MT: He’s trying to have it both ways. And it’s not going to end well for him.
AVC: In that first episode, we have the first of those big cold opens, with J.K. Simmons and Keegan-Michael Key’s detective characters. What kind of thought was put into that big Sunset Boulevard reference at the top?
MT: We looked at a lot of things about what we wanted to do, and what we wanted things to look like. We’ll spend a lot of time this season on a movie set, and get involved with that, but we are creating our own version of Hollywood, and it’s sort of weird. When we first started this show, we wanted to do something like Blade Runner. By that, I mean that Blade Runner had this really cool look of “This is what the future’s going to look like.” It’s gonna look a little bit like the future, and little bit from here, and all these time periods that came together for them, and they picked and chose what worked for them. And we did the same thing on Archer, which is, we want people to have cell phones, but we like 1970s muscle cars, and we really like the way that somebody’s pants were fitting in the late ’50s, or whatever. So we took all these different time periods and put them together, and then we started thinking about going to L.A., and what do we want L.A. to look like? We knew that we wanted to age ourselves up and go to the ’70s. But at the same time, it feels like the most glamorous part, just looking at Hollywood from the outside in, was like the ’50s, and kind of seeing how the movie industry worked then, and so we kind of paid homage to that. And at the same time, having our ’70s time period. So we’re kind of picking and choosing. One of the best examples of that is to go back and look at a movie like Sunset Boulevard. Veronica Deane, and her house, and everything, is a very, very conscious effort for us to ape Sunset Boulevard, and say “This is the kind of Hollywood we’re talking about.” The golden age of Hollywood, if you will. Even though you’re going to see its look is brighter and more like the 1970s, we’re still trying to harken back to that time.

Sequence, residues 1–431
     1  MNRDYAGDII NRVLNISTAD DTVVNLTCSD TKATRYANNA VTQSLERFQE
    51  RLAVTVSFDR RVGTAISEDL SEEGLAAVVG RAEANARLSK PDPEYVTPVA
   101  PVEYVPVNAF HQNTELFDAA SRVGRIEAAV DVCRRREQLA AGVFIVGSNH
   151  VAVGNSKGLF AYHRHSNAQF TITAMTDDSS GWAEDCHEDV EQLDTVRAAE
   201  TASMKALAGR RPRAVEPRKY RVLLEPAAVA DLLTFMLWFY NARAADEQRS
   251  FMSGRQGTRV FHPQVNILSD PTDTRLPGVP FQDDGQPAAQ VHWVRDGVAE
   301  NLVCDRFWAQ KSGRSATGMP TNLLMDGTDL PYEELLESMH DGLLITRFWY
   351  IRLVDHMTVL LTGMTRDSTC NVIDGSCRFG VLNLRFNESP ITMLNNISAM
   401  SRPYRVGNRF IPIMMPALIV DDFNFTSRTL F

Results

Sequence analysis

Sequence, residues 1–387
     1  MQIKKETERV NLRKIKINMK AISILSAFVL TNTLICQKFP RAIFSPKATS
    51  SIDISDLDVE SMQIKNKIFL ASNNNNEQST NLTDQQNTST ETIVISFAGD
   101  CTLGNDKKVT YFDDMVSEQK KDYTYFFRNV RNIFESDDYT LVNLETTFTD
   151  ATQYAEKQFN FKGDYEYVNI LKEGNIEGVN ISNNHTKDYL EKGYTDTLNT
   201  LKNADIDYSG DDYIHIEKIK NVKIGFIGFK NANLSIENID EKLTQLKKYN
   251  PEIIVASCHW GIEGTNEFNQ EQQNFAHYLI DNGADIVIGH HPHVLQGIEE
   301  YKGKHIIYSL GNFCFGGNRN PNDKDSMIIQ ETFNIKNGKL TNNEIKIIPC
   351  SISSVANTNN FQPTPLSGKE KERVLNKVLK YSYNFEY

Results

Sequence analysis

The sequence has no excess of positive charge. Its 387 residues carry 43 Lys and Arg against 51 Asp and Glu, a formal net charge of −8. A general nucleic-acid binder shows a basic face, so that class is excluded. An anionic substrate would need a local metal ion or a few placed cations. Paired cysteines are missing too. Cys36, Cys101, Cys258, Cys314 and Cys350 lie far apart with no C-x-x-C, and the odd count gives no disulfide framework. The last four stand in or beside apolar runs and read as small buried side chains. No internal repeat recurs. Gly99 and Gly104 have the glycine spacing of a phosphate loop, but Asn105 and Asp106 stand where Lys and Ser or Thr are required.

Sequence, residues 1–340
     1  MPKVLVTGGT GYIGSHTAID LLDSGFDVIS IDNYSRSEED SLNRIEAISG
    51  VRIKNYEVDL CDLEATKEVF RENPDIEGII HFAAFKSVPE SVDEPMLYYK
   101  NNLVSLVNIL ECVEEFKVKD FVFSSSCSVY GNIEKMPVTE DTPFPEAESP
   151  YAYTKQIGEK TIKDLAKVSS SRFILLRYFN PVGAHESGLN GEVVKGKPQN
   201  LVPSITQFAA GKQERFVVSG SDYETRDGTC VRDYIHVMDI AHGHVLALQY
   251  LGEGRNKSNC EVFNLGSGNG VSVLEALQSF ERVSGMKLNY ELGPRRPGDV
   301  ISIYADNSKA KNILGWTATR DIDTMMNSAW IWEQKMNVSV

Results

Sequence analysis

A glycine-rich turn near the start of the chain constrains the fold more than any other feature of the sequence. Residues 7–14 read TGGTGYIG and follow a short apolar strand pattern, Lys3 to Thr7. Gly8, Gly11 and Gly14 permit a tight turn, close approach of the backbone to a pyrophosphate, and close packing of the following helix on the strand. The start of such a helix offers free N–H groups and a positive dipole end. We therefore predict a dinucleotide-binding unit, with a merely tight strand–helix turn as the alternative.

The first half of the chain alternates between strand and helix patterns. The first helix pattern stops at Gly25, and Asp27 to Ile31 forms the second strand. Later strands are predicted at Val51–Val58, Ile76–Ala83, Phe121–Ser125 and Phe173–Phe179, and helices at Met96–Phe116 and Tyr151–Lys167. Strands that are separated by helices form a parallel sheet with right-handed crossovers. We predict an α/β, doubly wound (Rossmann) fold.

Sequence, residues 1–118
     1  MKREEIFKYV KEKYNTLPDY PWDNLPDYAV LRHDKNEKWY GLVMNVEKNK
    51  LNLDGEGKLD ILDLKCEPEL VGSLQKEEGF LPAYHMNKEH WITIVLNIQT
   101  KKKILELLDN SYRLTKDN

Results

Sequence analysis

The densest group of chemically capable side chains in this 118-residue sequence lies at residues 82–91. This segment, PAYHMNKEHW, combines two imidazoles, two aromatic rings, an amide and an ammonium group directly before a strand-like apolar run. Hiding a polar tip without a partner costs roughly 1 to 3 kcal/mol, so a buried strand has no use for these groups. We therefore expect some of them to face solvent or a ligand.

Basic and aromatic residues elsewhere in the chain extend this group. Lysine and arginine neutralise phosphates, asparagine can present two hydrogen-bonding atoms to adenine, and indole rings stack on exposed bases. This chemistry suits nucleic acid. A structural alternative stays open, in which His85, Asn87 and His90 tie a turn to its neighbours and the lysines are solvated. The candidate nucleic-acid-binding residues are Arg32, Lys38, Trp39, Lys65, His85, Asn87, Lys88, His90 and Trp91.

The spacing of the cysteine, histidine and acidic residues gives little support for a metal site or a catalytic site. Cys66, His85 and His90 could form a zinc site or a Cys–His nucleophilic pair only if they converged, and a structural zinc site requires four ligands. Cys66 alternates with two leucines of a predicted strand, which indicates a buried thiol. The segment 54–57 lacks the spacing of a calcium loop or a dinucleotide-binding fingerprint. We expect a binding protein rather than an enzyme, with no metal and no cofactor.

AVC: It’s a bold move to start your season off with these two characters that the audience doesn’t know. How did you go about making sure they were still recognizable as part of the Archer universe?
MT: I do think that our style has become recognizable. So hopefully, when you see these drawings, you know that it’s an Archer show. But it was a conscious decision not to start with our main cast, and not to start with our people, because we wanted the reveal of Archer face-down in the pool to be that much more dramatic. So we weren’t really trying to play that back in for comedy. We didn’t want our people around to get in the way of the story, which was, “Who’s the dead guy?” So it was very much a conscious thing. And you see [detectives] Diedrich and Harris throughout the season. They’re going to be peppered out in approximately five episodes this season. And you’re going to see Patton Oswalt as well, peppered throughout the season, kind of carrying us along the whole way.
AVC: Looking at that second episode, the big set piece is a riff on Archer’s voicemail pranks. The show has a lot of callbacks and self-references. Do you ever feel like, “We’ve taken this joke as far as we can for now”?
MT: It feels like it. I don’t know how we’re going to do another voicemail prank after the one that’s in the second episode. I just don’t know how that joke could get better. It reminds me of when, early on in the show’s run, we talked about Archer’s father all the time, and then one day, it was like, [tired voice] “We’re no longer talking about Archer’s father.” We might come back to it at some point, but I do think that this is going to be the height and suspension of the voicemail prank for a while.
AVC: “Phrasing” came back, and it’s once again beautiful. When you guys use “Phrasing” now, it’s mostly Lana saying it, as a way to cheer Archer up.
MT: Yeah, it mutates, it changes, and then you suspend it, and then it’s back. The way that I think our show is different than every show on television, as far as cartoons go, is these characters are in a constant state of evolution that you can recognize. And I think that jokes like that have a pattern, too. In everybody’s daily life, you get into a joke pattern, and this is the joke that I’m going with, and then people are like, “Please, stop. No more of that joke.” And then you stop it for a while. And then eventually, you know, a year after you stop it forever, the joke’s funny again. And I think that is kind of where we live as a show.